The Adventures of Henry Thoreau: A Young Man’s Unlikely Path to Walden Pond
Most people only know Henry David Thoreau through his works Walden and Civil Disobedience, without any sense of what brought him to the Transcendentalist movement or what life events inspired his quest to realize Walden Pond as his idyllic retreat. Who was the young Thoreau, and how did he become the man whose works grace so many English classes?
The Adventures of Henry Thoreau is the much-needed prequel that fills in the inspiration and stories behind his most famous works, presenting not the roaming philosopher most students know, but the young man who struggled to find his place, who lost his brother, and whose journey took him from local curiosity to miscreant, pariah, and luminary.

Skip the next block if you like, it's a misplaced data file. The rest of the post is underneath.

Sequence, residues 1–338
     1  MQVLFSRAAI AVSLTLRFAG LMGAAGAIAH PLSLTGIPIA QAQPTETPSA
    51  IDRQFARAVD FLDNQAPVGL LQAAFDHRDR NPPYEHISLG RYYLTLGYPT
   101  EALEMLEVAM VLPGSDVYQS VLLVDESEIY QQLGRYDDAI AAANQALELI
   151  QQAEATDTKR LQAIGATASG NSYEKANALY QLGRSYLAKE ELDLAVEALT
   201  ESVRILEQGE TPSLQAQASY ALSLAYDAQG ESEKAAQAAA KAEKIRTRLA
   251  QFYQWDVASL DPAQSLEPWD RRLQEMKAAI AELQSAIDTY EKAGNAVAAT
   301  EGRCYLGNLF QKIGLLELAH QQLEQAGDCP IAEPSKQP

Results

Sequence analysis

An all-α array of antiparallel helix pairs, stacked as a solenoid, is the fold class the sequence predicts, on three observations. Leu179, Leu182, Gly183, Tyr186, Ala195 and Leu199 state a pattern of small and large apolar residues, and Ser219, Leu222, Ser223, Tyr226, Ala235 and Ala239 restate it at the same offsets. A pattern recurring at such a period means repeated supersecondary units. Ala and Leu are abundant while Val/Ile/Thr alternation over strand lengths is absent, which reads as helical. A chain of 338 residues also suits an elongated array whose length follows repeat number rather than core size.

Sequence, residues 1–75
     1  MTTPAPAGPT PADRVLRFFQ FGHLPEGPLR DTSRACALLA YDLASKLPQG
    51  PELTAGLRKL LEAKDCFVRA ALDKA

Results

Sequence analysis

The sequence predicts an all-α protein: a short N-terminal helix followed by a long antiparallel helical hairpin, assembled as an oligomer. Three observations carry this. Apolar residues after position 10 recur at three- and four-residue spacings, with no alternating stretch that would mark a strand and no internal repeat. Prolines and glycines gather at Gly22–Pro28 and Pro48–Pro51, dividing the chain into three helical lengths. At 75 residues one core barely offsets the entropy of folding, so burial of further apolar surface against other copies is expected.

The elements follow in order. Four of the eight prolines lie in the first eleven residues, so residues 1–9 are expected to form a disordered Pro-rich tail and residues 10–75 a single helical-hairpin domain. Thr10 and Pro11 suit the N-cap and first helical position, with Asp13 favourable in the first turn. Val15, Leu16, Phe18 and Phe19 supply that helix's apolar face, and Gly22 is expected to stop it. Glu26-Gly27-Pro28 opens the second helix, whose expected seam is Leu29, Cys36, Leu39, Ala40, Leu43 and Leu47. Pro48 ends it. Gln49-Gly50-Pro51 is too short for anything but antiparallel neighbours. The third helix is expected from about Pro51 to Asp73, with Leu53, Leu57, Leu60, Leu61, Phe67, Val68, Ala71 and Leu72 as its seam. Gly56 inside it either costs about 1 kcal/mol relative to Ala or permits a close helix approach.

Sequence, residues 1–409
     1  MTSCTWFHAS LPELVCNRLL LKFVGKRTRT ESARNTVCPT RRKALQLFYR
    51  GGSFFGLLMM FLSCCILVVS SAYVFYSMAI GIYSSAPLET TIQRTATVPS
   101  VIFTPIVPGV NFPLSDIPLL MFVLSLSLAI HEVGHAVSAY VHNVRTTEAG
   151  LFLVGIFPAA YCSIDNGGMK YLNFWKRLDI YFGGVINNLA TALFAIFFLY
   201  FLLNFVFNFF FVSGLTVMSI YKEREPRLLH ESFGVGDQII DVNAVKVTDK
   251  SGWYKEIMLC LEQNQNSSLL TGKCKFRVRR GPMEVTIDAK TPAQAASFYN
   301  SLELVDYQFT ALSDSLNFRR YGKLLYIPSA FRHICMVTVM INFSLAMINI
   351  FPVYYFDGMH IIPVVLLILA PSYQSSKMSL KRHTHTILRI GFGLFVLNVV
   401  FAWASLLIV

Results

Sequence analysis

This is Thoreau as the eternal oddity, and it serves as a wonderful complementary work to the collection of Thoreau’s personal letters that was released a few months ago. Michael Sims offers invaluable context to decisions and ideas that have probably stumped schoolchildren for decades, helping to add significant pieces to the puzzle that is Thoreau.
I expect to see The Adventures of Henry Thoreau on school reading lists very soon.
|Page Count||273 pages|
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|Category||Biographies & Memoirs|